Hi sweetie
    , glad you made it.
    loved music, loved to go out, loved to dance, to do art, to read, to ski, to ride horses, to hike and travel
    makes me tired just thinking about it

    You found out why I am here, I like extra emoticons

    I know you are going for your test tomorrow, I will be thinking about you hon, hoping that something get you right, hoping this Dr is a genius (rare breed but probably exist ).

    The story of your family is heartbreaking, so many people suffering and so little knowledge about it by people in general, I certainly had no idea how ongoing it all was. They are still building nuclear power stations, maybe that is why we don't hear.

    Anyway, welcome again, I am off to look at your other post .

    lotsa luv
    Dawnx
    ''If you don't know where you are going, any road will get you there.'' The Cheshire Cat, Alice in Wonderland

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    Re: New here, hi everybody

    Gosh, never knew radiation could cause so much trouble to children. Got to look after my kids (Oh well when I get 'em) We have got so many of those nuclear stations in the UK. Hopefully no disaster hits us but better not to live close by

    Good old happy days I usually watch pictures when I miss my old days and it's all good fun. Hopefully you recover soon as sometimes it feels like life is over.....no doctor knows what is happening and you wonder yourself, why it's all happening to just me and people around me is so happy

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    Re: New here, hi everybody

    Actually Chernobyl has happened for the same reason Titanic has happened—they were so sure its "unsinkable" that they completely ignored warning messages from reactor operators or whatever those chaps are called...It was reactor 4 that was sending error messages for a few days and "central" management simply ignored all signs of danger until the whole structure just..blew up in the air. We didn't see the explosion itself but those who did told horror stories of a red sunset and a mushroom cloud and all that crap...we only saw the bloody sunset. the reason why so many people got affected was the fact that instead of raising hell and evacuating people into bomb shelters the government tried to cover it up completely and nobody knew about it for 2 weeks.

    We, on the other hand, or at least my parents, were what you called 'dissidents" (i.e. non-compliant underground artists etc.) and listened to the banned radio stations. My father heard it on the Voice of America and got everybody inside, but as we all know now gamma rays don't stop anywhere, unless its a bomb shelter of course...all we could do was hide indoors, take 4 showers a day, throw away our clothes and take incredibly large amounts of iodine...what else could we do? They tried to cover it up so bad that the first thing they did was sending students and young army recruits, 17 year old boys to "liquidate" the rubble-they had no protection biohazard suits, they literally shoveled radioactive bricks and rubble under the radioactive rays of the red sunset they would remember forever.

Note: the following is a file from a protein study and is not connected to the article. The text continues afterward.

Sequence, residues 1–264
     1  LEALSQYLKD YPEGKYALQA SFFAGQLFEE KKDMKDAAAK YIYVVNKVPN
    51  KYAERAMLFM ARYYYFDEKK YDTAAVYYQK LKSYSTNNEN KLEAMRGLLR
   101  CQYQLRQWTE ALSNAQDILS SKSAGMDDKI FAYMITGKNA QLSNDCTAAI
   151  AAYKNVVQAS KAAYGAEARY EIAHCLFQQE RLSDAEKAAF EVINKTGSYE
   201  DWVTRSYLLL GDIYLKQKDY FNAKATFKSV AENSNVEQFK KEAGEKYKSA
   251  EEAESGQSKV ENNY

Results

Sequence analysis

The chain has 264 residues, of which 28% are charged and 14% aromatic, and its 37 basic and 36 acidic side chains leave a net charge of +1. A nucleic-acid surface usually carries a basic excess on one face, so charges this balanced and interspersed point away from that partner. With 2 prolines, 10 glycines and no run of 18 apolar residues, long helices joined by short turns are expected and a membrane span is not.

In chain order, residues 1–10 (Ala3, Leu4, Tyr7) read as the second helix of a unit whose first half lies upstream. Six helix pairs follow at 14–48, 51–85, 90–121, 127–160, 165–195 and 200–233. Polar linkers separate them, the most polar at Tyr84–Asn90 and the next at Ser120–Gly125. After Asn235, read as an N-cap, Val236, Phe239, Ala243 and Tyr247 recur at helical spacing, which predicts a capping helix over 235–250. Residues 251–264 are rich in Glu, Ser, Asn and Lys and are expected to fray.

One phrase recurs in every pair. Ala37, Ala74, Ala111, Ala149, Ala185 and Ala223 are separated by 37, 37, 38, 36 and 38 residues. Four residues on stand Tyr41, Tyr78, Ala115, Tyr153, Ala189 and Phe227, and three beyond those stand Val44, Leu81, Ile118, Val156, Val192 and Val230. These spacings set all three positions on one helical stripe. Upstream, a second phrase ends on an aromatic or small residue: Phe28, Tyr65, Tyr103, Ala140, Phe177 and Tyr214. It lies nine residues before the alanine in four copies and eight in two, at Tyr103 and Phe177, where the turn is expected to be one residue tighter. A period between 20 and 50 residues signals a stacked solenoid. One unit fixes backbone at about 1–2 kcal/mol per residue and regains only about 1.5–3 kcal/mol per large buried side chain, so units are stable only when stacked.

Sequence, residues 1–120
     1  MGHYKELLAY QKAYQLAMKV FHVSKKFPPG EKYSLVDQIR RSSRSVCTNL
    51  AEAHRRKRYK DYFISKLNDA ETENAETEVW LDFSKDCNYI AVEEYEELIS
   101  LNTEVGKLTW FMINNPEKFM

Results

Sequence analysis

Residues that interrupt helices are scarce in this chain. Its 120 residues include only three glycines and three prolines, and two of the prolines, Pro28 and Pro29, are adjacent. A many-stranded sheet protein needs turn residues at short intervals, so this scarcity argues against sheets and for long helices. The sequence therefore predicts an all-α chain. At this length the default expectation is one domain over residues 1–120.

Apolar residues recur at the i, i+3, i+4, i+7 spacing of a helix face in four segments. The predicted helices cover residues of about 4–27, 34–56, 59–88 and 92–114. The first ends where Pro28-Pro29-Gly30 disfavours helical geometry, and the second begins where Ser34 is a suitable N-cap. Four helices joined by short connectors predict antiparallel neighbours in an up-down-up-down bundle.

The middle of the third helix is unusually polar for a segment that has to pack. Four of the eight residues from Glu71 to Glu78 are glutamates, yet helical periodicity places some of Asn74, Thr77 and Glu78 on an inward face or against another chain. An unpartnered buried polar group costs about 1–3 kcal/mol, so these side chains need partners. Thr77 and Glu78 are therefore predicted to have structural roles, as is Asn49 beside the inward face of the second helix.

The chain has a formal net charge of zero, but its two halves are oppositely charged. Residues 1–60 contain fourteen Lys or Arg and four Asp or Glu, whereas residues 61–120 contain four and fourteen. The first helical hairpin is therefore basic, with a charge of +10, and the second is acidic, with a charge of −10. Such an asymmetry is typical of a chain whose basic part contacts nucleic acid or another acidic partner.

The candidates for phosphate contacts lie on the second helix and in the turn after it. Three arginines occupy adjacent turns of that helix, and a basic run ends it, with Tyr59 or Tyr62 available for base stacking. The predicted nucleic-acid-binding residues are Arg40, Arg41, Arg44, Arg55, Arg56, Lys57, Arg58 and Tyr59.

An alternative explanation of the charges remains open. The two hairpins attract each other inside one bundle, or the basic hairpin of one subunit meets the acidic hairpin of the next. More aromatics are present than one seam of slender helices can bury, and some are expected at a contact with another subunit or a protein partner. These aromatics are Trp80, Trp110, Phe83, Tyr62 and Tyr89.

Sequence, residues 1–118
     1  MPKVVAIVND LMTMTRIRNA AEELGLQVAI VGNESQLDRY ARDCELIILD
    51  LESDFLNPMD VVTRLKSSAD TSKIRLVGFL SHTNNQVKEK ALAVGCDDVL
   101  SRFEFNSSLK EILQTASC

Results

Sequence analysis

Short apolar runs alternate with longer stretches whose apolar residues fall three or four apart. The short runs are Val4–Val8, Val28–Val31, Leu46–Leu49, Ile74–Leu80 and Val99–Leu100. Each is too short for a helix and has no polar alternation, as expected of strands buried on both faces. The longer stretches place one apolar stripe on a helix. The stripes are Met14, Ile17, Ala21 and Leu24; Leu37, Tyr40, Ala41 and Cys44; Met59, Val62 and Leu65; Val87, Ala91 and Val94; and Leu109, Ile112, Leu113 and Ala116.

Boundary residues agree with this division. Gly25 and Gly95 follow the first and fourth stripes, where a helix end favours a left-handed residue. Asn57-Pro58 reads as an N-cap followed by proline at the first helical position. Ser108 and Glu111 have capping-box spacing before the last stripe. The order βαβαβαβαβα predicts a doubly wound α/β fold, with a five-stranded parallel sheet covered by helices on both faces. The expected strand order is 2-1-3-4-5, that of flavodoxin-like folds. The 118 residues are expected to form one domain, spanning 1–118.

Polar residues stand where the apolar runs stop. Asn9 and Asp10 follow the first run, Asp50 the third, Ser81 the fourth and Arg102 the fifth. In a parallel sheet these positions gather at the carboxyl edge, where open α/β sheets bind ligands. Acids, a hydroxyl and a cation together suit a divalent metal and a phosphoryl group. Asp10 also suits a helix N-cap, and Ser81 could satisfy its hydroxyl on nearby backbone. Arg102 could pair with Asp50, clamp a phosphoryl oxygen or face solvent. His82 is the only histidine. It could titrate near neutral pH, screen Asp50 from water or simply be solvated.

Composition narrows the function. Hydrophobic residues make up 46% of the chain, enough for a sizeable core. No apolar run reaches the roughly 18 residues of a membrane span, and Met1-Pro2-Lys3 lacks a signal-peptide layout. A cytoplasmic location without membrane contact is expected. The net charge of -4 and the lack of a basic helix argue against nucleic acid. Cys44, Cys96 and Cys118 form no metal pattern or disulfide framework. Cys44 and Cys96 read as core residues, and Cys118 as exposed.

They remembered it was extremely hot and the rubble was glowing and most of them had no shirts on while they worked. All those kids were dead within a year. They died horrible deaths, i won't go into details but it was worse than any cancer and far worse than any AIDs you could imagine. Their deaths were also covered up until a very brave reporter risking her life and career published a book covering details of their sickness and deaths, and accused the government in all of this shit. The word "liquidator" makes people shiver back home...It took 20 years for their families to receive very small reparations from the government (little bit of money that is supposed to cover their funeral expenses).

    The remains of the reactor were enclosed into a cement "sarcophagus" as they called it and since then, this structure is constantly leaking and falling apart, and they constantly patch it up, at the expense of more lives of more clueless 'liquidators". Not for a minute has Ministry of Agriculture stopped delivering produce form poisoned areas,in fact, only 3 years after the incident even the fields around the epicenter were opened for crops ...Frightened people all owned Geiger counters by then. Me and my Mum used to go to the farmers market with our own geiger counter and measured every freaking potato we bought, so they became sneaky and started mixing the produce together so customers won't be able to tell what region it comes form...its like being born in Orwell's novel or something.